After a very, very busy few weeks I can finally say that we're settled into our new homes. I say homes because while the children and I are enjoying the myriad of duties that come along with getting a new home (and it's oh-so-small yard) in order, Jill is now in Afghanistan getting settled into her (shared) room for the summer. To say this summer will be interesting for our family would be, well... an understatement.

Here, we're concerned with de-nettling the yard and I have the skin rash to prove it! Despite being much smaller that the farmhouse yard, this one has been in a state of neglect for some time. Almost everyday we pull out 2-3 bags of weeds from the beds as well as from the lawn itself. We even have a fenced-off section that was once a Japanese style garden but now is pretty much a refuse crop with a sprinkling of waist high nettles. We'll tackle that beast later in the summer I think.

New images are coming soon. There are just a few more little issues to resolve in the chapel (like telephone, television, fuel oil leaks, etc.) and then I can swing my full attention to working through the Scotland images as well as completing the Altered States series of books that have been promised ages ago.

Thanks for your support AND your patience. Should you have a message you want me to forward to Jill please pass it on to me at here.

Sunday, April 13, 2008

Quick Post Between Events

Well, a week in Scotland at a cottage overlooking Loch Ness is something I must insist you ALL do at least once in your lives! To say our time there was relaxing and the "calm before the storm" would be an understatement. The weather forcast for the week included my favorite word (snow in case you don't know) and we weren't disappointed. Not enough to cover the roads but enough to make the hills looks spectacular and put enough of a chillin the air to wake you up.

One of the best days was Sunday where we did... nothing. No agenda, no plans, nothing. We did start a puzzle it took us the week to finish and my youngest daughter proved to us all she is an UNO shark in the making but other than that, we were lounging by the fire. Wonderful.

Our cottage DID afford us some spectacular views of Loch Ness and the town of Drumnadrochit. The photo below is just one of many I took suring a snow storm building across the Loch from us. We did eventually get out and visit Fort George, Urquhurt Castle (2 minutes from our cottage) and the Culloden Battlefield. I was also able to get a day away to focus on my photography by driving around Loch Ness. In case you're interested in finding out more about our cottage an others offered by our gracious hosts, please visit their website.

But, work calls. We arrived back home at Sparham Hall on Satudrday evening and have spent Sunday packing up preparing for our move into the Old Chapel starting on Monday. Hopefully the weather will co-operate and we can get settled quickly (so I can finally LOOK at my Scotland images).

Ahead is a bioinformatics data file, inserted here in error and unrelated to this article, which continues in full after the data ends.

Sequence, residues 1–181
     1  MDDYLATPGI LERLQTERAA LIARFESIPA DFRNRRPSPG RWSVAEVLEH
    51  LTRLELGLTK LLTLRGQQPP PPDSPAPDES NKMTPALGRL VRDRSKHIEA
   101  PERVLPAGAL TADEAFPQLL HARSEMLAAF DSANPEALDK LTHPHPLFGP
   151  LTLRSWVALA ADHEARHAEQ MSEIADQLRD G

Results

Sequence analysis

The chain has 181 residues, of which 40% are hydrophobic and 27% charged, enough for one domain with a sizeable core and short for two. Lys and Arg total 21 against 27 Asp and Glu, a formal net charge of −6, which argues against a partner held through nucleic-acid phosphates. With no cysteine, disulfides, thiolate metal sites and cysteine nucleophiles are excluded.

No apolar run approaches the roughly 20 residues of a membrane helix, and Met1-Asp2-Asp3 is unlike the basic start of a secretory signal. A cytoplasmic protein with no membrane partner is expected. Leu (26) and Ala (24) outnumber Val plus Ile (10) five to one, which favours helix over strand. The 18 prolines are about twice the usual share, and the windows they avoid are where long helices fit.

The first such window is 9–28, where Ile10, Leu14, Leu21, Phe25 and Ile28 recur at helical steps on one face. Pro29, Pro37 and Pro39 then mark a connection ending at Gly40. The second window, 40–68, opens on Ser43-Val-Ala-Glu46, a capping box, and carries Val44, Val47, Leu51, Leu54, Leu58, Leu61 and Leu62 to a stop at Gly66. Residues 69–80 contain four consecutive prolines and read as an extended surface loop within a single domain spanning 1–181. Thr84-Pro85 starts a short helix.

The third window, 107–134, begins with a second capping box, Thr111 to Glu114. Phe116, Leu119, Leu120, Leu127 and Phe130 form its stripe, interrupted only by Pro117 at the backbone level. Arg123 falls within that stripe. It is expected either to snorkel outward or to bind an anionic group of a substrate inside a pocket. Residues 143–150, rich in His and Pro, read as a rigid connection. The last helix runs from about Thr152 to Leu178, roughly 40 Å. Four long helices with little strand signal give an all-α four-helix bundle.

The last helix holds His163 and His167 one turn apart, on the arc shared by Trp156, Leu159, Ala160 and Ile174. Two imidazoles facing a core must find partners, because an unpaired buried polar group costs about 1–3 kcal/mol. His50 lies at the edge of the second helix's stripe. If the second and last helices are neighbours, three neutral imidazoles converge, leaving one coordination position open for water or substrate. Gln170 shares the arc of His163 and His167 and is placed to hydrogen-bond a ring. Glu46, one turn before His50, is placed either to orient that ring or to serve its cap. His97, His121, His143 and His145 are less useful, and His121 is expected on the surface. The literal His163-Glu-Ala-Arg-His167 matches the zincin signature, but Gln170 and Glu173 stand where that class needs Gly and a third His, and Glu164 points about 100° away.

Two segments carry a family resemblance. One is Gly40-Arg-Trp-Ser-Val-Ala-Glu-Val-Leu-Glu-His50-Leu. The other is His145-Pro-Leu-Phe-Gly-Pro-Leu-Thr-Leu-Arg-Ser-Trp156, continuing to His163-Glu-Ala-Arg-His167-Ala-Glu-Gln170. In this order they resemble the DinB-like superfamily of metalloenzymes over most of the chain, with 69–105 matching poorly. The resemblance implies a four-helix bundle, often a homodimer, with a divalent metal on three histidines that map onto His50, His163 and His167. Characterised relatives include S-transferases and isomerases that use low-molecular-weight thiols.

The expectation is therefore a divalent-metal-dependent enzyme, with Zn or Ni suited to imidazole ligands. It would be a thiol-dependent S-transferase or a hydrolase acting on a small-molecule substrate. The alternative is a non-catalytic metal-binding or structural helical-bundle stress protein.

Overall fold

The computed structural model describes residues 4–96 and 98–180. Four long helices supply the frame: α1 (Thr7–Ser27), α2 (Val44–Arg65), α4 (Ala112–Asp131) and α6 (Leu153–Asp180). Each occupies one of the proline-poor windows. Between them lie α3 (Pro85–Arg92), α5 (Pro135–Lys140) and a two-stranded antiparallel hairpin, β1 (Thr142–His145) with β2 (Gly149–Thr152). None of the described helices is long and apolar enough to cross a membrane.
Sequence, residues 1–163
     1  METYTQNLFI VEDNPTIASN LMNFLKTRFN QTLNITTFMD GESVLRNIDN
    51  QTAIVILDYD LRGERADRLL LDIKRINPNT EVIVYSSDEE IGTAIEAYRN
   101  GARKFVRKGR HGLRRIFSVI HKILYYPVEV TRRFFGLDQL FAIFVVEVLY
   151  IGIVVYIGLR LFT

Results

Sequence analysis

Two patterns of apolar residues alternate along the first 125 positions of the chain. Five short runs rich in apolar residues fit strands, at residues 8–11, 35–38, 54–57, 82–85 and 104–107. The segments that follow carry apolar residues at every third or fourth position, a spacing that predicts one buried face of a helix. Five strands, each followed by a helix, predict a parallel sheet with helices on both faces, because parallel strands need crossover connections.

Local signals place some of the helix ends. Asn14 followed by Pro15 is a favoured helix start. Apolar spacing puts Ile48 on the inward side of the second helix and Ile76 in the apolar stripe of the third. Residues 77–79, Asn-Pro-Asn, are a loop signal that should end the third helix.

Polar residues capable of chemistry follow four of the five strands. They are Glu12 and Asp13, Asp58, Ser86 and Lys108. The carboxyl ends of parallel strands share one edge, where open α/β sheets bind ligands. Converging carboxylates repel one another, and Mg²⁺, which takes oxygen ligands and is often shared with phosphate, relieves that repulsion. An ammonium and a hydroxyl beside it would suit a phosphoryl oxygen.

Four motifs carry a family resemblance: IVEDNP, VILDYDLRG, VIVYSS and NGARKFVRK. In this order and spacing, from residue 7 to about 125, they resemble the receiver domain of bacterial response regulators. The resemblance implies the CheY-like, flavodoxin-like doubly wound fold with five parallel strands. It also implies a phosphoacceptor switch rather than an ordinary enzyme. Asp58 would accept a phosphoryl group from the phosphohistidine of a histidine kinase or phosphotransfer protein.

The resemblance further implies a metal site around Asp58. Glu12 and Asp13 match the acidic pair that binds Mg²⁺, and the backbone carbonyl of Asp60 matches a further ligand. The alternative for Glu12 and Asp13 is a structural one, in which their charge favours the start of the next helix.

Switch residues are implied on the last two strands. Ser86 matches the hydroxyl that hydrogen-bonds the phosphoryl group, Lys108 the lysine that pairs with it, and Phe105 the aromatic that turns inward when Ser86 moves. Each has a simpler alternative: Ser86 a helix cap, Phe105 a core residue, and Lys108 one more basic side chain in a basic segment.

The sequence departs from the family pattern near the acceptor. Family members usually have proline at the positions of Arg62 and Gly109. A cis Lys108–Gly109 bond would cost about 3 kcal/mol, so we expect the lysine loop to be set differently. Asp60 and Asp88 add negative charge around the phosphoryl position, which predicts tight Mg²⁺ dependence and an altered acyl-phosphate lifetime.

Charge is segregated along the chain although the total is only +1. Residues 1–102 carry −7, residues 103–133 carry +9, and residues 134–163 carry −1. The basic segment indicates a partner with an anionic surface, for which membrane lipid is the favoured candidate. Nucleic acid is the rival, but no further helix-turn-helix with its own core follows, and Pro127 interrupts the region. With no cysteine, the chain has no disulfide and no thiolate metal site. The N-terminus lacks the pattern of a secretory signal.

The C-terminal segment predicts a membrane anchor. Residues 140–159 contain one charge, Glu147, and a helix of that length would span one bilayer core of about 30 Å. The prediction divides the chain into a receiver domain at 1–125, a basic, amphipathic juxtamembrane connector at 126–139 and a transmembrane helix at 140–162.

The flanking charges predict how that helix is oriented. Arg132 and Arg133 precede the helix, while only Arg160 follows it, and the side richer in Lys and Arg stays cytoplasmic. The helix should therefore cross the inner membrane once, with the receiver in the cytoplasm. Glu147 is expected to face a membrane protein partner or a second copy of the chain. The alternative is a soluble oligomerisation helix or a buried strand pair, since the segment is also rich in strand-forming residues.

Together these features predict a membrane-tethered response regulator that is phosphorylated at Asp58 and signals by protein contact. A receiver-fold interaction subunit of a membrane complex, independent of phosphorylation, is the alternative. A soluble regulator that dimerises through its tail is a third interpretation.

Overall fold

Thanks for hanging in there, will post more when I'm able.

Friday, March 21, 2008

Followed by Good News...

As always, God is gracious beyond anything I can ever fathom. We have found a new location to live only a week after finding out we needed to move. IT doesn't replace Sparham Hall Farmhouse by any means but it'll do. News when it happens.

Tuesday, March 11, 2008

And Now the Bad News...

In quite the surprise development through circumstances beyond our control we now find ourselves having to find a new place to live. To say we're crushed would be an understatement (especially with Jill having to go downrange in just a few weeks) but we know that there's a Master Plan and we serve the One who is running it.

Forgive any lapses of posts that may follow, I'll post as I'm able until we're settled in the new location. Wherever that may be...

Sunday, March 02, 2008

Bit by the French Yet Again

Most of you know that, despite giving them every chance at disproving the stereotypes that abound about the French (in general of course) every time I visit something happens to reinforce said stereotypes.

Well, point proven again.

Jill and I were taking a one-day trip run by the base to visit the historic town of Bruges, Belgium. This meant of course that we would have to cross the Channel and traverse a small part of France to get there. Seems the French dock workers are having a strike, sorry... industrial action as they call it, and have parked their boats in the harbor at Calais preventing the timely movement of passengers, cargo and the like in and out of the port. The result? Three hour delay. COMING AND GOING! Like I said, every time I go...

Nonetheless we arrived in Bruges and has a great (albeit short) visit to this wonderfully preserved city. Renowned for the varying styles of architecture throughout the city center (and from building to building in some cases) it was a real treat to visit. Jill had a grand time shopping and although it was a bit on the chilly side with the sharp wind it was an enjoyable day out. Our bus driver from Fun and Sun, Gordon, provided the greatest running commentary during our trip and I even learned a few French jokes I didn't know.